Hiya! Somewhere, for someone, Sunday counts as mid-week, so let’s have a go. After a long stretch of meetings and main hustles and side hustles and non-stop work, I’m headed back to Hargeisa from Nairobi, and diving into more of the same! A few links to get us through:
Having recently decided to take a risk and embark on some new ventures, I’m majorly feeling these career paths from Mari Andrew. (via A Cup of Jo)
Anybody out there of the Marcy Playground generation? Here’s Allen Stone covering “Sex & Candy,” a song that was deviant and mysterious when I was in 6th grade! Upgraded blast from the past. (Side note, if you’re not familiar with Allen Stone, brace yourself for the beauty)
I’ve long considered myself a “language person” as opposed to a “math person.” Here’s an interesting argument for mathematics as a legitimate language, replete with verbs, nouns, and narrative. (via ThoughtCo.)
Get a load of these substitute phones! For the reflexive, compulsive fidgeters among us. (via The Verge)
This stunning short piece by Nafula Wafula called “Mirror of Time”—
“They say I have my great grandmother’s hips. Those that made our sleepy village shut down every time she walked to the river and back. Those that curved out further in protest against her thickening waist after she gave birth to nine children. I have her sharp mouth, and her strong resolve. That sharp mouth that kept my great grandfather on limbo, not knowing whether to stay at bay or inch closer. Her sharp mind, that which budgeted the few coins, (or were they cowrie shells) to feed her children.”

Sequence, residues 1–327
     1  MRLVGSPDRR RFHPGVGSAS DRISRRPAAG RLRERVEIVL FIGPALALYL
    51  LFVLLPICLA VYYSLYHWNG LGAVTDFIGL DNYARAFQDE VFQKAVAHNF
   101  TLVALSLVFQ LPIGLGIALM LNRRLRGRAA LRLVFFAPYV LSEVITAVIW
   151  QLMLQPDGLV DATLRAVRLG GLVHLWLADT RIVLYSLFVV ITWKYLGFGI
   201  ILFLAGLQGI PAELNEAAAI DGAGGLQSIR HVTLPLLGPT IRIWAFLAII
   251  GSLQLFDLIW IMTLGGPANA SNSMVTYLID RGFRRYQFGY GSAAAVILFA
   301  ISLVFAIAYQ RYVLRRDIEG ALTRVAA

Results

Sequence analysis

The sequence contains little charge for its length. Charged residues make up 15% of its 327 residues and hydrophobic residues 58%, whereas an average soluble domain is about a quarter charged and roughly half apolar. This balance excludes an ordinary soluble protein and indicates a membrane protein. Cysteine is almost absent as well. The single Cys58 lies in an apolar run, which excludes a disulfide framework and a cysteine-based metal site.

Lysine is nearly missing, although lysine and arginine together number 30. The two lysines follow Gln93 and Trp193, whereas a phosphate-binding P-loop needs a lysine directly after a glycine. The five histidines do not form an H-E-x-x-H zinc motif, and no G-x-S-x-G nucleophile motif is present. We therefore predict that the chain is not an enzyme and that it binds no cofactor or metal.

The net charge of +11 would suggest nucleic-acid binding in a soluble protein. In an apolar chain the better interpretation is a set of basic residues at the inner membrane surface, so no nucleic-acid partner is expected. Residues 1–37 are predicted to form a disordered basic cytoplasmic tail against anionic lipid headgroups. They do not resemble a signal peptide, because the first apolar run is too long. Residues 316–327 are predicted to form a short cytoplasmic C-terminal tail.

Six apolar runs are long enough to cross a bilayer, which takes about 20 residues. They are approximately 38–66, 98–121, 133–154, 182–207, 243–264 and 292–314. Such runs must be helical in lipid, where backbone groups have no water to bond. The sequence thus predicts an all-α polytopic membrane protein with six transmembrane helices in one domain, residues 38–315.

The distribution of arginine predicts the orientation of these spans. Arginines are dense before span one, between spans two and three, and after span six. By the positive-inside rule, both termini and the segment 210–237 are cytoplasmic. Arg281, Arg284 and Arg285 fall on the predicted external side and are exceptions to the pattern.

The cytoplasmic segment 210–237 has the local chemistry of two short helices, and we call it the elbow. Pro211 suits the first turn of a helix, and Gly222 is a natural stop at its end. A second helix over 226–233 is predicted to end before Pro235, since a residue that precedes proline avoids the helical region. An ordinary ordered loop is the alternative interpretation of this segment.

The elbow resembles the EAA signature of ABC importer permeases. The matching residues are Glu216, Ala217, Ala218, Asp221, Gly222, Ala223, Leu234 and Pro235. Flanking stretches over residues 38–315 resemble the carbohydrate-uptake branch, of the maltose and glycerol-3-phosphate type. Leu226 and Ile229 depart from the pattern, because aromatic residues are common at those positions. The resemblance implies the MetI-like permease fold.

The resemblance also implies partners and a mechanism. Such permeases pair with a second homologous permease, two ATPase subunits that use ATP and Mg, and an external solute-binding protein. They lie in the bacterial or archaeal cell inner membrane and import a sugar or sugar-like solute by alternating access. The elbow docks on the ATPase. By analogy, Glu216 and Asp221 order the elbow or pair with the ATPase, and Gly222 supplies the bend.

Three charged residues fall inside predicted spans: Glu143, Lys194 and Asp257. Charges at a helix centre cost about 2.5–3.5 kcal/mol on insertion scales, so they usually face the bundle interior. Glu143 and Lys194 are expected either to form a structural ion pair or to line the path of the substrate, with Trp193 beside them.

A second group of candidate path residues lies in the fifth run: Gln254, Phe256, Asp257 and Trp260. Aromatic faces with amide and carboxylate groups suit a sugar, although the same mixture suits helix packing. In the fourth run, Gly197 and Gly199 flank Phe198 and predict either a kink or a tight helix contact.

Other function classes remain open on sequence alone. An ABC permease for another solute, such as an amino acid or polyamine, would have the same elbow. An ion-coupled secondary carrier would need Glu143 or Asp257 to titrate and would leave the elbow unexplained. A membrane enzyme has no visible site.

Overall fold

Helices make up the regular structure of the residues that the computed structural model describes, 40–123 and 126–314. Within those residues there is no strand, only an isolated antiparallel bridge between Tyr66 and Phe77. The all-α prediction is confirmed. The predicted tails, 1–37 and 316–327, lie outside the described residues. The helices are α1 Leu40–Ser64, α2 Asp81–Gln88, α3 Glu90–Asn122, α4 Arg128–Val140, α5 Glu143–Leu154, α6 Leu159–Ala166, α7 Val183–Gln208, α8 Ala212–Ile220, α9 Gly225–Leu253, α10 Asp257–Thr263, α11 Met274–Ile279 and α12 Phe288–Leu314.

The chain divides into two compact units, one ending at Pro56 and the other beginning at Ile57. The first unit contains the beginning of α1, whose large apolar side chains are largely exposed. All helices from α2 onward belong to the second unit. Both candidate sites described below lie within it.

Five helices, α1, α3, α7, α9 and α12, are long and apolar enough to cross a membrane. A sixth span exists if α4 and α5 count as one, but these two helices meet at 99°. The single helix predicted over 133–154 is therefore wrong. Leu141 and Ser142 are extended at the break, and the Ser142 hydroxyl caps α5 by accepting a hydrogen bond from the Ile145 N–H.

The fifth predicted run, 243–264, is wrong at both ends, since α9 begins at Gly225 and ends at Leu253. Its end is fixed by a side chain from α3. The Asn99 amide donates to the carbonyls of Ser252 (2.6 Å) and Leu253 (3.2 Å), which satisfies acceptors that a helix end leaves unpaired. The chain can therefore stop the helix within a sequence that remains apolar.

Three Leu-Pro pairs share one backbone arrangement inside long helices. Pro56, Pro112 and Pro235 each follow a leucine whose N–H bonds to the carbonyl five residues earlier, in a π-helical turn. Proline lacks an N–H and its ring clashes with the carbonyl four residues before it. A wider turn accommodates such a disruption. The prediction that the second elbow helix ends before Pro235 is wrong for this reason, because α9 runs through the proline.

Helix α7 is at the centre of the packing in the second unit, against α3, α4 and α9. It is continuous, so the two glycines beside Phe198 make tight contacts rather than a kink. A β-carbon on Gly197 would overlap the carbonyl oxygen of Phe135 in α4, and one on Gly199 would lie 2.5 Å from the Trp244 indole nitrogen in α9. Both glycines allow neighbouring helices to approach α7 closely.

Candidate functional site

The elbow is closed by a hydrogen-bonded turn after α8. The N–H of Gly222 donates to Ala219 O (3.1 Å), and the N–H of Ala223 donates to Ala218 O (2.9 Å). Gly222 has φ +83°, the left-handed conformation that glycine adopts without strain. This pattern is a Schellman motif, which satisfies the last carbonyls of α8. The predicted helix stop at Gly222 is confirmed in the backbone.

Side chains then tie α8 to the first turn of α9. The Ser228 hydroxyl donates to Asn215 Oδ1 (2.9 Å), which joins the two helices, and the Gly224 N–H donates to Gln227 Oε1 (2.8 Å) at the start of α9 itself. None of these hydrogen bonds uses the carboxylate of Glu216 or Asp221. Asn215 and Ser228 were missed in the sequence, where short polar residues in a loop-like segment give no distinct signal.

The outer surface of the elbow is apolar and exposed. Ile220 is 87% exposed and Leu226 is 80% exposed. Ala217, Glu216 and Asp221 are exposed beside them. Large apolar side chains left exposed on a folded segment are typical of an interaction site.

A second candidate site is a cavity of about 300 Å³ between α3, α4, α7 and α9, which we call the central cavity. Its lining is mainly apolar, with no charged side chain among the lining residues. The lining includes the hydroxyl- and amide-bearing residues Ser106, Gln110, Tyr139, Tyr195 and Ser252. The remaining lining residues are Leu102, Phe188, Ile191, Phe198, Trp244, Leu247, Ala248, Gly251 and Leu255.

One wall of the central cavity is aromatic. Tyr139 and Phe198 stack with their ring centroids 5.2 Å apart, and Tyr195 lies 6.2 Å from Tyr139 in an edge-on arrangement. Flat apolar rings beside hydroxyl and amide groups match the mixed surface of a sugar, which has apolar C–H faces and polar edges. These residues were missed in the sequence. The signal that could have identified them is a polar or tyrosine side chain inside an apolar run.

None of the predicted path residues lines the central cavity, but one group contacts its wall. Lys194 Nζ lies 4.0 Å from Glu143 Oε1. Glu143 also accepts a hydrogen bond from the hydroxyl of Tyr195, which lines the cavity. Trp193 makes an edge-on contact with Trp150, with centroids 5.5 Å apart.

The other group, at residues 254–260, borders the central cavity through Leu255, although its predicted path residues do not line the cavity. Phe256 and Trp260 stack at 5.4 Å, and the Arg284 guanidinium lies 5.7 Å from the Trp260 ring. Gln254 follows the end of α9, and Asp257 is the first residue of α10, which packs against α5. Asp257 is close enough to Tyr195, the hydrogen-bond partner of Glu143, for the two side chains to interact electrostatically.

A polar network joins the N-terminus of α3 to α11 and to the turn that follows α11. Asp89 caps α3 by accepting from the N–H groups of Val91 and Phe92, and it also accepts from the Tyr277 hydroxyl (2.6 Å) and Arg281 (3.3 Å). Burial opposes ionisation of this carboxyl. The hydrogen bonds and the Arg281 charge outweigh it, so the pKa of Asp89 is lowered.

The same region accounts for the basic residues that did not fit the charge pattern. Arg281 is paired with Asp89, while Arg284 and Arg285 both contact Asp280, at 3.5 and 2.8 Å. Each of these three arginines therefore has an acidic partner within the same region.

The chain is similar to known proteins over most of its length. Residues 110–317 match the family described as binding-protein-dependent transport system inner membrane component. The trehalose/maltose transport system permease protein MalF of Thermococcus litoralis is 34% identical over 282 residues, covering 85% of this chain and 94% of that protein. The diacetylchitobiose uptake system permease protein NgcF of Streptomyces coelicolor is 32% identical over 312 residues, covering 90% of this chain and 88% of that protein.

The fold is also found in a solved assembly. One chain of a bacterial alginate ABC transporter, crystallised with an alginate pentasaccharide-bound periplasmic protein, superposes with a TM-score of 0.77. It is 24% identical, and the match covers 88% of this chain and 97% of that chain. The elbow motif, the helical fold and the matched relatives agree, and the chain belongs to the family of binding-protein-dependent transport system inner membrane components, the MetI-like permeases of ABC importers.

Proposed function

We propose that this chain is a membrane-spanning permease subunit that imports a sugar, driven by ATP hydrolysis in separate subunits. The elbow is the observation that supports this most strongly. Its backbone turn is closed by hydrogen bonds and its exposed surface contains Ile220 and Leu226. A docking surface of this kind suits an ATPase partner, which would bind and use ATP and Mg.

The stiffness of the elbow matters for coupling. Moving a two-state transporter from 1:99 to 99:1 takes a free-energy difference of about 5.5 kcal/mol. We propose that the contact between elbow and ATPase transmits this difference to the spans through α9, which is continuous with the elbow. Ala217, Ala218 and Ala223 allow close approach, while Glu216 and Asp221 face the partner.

(via African Feminism)
Emotional and practical guidance for creative people. (via The Creative Independent)
Have you heard of synesthesia? Oftentimes, words, letters, or emotions evoke specific colors for me, or I convert problems into shapes in order to solve them, and then convert back to language in order to explain the solution. It’s weird, but it’s fascinating. Approximately 4.4% of the adult population has some form of synesthesia, and scientists have recently identified a new form: hearing light. See also: tasting music and smelling colors. (via Science Alert)
Lastly, people from 70 countries say cheers in their native languages. (via Conde Nast Traveler)
Have a good one!
Ooooh, I love that cover of Sex & Candy. Retains all the weird sexual energy of the original, hahaha.
One of my old students saw everyone’s name as different colors! She told me mine was blue, red, and purple. And she didn’t like her own name because she didn’t like its colors.
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That’s really interesting …and makes sense! Hope her name grew on her eventually!